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Managing People: Have Some Fun

We look at the positive impact that enjoying work has on people's wellbeing and company performance, and offer tips on how to have fun - minus the bad jokes…

No David Brent please

Having fun at work. To many of us the mere phrase strikes fear into our hearts as we recall tense lunches, 'fun days' spent making small talk with the CEO's wife, and forced team hilarity.

Life coach Karen Williams explains that post 'The Office' most of us equate this kind of 'pre-packaged' fun to having our teeth pulled. She explains: “Frankly, most of us don't associate work with fun. It's not the pub, or our family and friends and certainly not a holiday – its what we do to pay the bills. Sure, many of us are interested and proud of what we do, but being at work still means being away from home for long periods, often after a tiring commute, and then there's the client delivery, the internal politics, the e-mails and never-ending meetings. We're pretty up to our necks, so when our employers tell us that on top of all this they are determined we are going to 'have some fun' – our heckles rise immediately.”

Sharing common experiences

Karen continues: “Having fun at work is far less about playing It's a Knockout in once a year or dragging the karaoke out, and more about just having a laugh with colleagues. If you have a common activity or things to regularly bitch or chuckle about, people develop a natural banter and their own in-jokes. And it's that kind of rapport that keeps people smiling and staying in jobs for. Of course money, promotion and all those things matter, but not as much as you might think. Ask people why they stay in a job, and their first reason is normally the people.”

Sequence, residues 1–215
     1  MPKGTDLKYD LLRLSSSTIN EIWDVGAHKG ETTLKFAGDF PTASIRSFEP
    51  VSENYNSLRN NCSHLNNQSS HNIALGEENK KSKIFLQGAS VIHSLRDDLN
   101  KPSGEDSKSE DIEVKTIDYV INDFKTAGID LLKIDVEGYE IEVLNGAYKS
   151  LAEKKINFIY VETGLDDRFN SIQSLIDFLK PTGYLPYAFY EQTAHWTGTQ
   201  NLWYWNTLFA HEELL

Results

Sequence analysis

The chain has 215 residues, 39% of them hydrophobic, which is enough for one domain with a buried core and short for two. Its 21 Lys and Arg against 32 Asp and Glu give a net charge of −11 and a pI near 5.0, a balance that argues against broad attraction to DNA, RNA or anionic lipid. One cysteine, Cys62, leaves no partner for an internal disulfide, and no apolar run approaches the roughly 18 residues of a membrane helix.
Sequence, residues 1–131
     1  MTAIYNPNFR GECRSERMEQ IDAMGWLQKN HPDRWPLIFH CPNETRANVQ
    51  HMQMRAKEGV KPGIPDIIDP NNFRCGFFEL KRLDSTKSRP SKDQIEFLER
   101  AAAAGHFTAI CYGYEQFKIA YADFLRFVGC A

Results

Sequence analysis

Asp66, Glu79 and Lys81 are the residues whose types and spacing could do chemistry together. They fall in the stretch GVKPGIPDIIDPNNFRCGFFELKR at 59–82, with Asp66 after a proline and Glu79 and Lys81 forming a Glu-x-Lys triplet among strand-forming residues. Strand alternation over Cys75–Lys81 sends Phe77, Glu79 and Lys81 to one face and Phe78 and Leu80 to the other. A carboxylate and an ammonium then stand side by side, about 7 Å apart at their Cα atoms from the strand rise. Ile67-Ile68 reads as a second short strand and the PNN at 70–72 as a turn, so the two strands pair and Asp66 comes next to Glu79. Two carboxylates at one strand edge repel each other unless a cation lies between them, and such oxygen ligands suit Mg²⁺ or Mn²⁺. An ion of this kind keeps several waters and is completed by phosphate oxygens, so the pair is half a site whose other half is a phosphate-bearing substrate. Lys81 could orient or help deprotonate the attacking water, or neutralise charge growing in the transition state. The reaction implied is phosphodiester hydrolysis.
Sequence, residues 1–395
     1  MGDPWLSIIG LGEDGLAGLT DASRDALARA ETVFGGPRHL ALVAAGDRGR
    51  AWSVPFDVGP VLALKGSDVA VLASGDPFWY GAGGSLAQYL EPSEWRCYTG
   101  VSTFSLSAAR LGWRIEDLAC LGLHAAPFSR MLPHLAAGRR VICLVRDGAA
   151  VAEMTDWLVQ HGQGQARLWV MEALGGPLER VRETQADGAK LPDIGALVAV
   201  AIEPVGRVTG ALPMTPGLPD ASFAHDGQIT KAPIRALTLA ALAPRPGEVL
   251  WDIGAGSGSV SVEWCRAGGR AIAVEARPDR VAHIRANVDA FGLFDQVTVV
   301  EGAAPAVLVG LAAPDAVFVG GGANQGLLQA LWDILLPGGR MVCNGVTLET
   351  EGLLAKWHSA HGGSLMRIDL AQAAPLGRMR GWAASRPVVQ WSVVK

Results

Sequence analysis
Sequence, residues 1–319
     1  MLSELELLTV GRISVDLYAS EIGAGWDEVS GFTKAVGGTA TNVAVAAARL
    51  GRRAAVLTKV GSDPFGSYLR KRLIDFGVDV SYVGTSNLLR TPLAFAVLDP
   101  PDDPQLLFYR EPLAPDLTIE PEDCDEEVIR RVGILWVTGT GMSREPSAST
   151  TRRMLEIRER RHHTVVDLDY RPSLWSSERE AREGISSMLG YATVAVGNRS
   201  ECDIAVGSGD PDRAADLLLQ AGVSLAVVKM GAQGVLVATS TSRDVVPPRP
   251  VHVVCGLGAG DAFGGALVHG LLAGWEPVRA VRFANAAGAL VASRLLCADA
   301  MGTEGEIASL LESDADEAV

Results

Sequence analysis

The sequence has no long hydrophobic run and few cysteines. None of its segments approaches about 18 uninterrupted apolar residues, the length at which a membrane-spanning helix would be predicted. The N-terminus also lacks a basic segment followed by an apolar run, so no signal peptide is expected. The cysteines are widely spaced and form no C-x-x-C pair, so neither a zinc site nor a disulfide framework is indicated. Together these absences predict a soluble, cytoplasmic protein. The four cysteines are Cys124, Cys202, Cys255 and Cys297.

So, forward thinking businesses are ditching the formal approach to fun and are instead making sure their teams have plenty of opportunity to develop a banter and share experiences.

Founder of programme and project management firm Moorhouse, Dom Moorhouse is one of them.

Dom tells: “I cringe when I hear the term 'fun at work' but injecting some humour and light heartedness to what we do is essential.

“The management consultancy industry can be pompous and there are a lot of people who take themselves extremely seriously. When I began Moorhouse I was determined to behave in the opposite way. We take the work we do with our clients very seriously – but not ourselves.

“We're all human – we all have other lives, partners, children, holidays, interests – and if anyone even begins to become a bit earnest about what we do they are quickly brought back down to earth with a bump!

“I think a down to earth approach actually helps us get our heads down and focus on what's important – the client and delivery.”